George Washington Papers

To George Washington from William Heath, 4 June 1782

Highlands June 4. 1782.

Dear General,

I was yesterday honored with yours of the 2d, which shall be duly observed.

The enclosed paper addressed to mr Skinner, and pass from mr Adams to mr Gardner, were sent up by captain Pray the last evening. I do not conceive myself authorized to let mr Gardner pass within the enemy’s lines on those papers, and submit them to your excellency. Other papers brought on by prisoners, being properly [au]thenticated, they will go in this day. The applications now become so frequent from prisoners who are going in as to render it indispensibly necessary for a deputy commissary of prisoners to be ordered to the vicinity of Dobb’s ferry, as soon as possible—and I beg it may be done: At present it creates an infinity of trouble, both to captain Pray and to me. I never hesitate at doing business—it is a pleasure to me, and I have done much which has little connection with the strict line of my duty; this, neither, should I mind, if my constitution would bear it, but I find my health sinking under too long and too constant attention to business; and whether the preservation of my health be essential to my country or not, it is so to my self and family; it is therefore my duty in its present state, not to be a volunteer in harrassing my constitution in those services which fall within the line of duty of others.

I find upon examination that major Pettengill whom I ordered to relieve lieutenant colonel Badlam in the superintendency of the recruiting service at Boston on account of his not having left that place, previous to his being relieved by lieutenant colonel Badlam passed several boys who have lately come on, as totally unfit for service as those passed by colonel Badlam: I am therefore determined to relieve him also, and send lieutenant colonel Popkins of the artillery on this duty, if your excellency has no objection.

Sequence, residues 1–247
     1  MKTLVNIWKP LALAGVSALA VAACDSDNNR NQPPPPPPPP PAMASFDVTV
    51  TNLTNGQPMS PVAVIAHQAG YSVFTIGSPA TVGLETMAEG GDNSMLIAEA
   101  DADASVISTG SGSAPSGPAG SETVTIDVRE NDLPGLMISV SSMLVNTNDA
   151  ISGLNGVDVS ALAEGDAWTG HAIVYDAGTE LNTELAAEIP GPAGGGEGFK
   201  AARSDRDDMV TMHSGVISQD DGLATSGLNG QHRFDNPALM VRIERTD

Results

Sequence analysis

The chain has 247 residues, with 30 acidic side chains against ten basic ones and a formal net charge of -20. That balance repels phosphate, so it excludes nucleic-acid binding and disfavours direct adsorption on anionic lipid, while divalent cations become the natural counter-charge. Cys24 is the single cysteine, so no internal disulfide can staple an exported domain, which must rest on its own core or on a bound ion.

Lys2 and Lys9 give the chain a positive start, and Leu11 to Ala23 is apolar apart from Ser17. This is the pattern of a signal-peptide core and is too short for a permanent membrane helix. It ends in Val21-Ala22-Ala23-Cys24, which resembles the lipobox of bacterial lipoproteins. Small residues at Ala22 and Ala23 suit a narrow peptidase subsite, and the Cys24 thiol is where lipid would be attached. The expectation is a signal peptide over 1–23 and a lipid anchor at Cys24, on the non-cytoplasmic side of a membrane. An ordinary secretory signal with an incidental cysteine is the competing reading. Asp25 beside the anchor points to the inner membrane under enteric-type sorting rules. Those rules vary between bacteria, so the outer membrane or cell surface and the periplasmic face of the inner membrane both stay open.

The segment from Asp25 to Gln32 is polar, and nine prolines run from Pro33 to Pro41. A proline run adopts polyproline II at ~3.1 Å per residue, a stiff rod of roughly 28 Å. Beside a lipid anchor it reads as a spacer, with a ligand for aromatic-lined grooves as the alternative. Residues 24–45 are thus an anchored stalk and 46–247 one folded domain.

It remains that something should be done with those men who have been rejected here as unfit for recruits, and such as have been rejected by the inspector general at the last inspection of those sent up the last year. I wish your opinion whether it will be necessary to retain some of the rejected recruits as evidences against the officers who mustered them when they arrive in camp, or that the evidence of the inspector-general with the rejection of the recruits will be sufficient testimony, without. I have the honor to be With the highest respect, Your Excellency’s Most obedient servant,

W. Heath

P.S. The enclosed from major Wyllis has this moment come to hand.

DLC: Papers of George Washington.


New York June 2th 1782

We take this Oppertunity to inform Your honner of [my] situation if it is in your honners power to send in som of Cols: Delanceys Men for our Exchangue we shold be very glad for we cant be Exchangued until some of his Men are sent in for us there are no prisoners here now Except those that was taken by his Core and are kept here until som of his men are sent in, if it is in your honners power to Comply Whith this Request you Will Much Oblige your humble Servant

David Root

Signed in behalf of 18 unfortinate prisoners.

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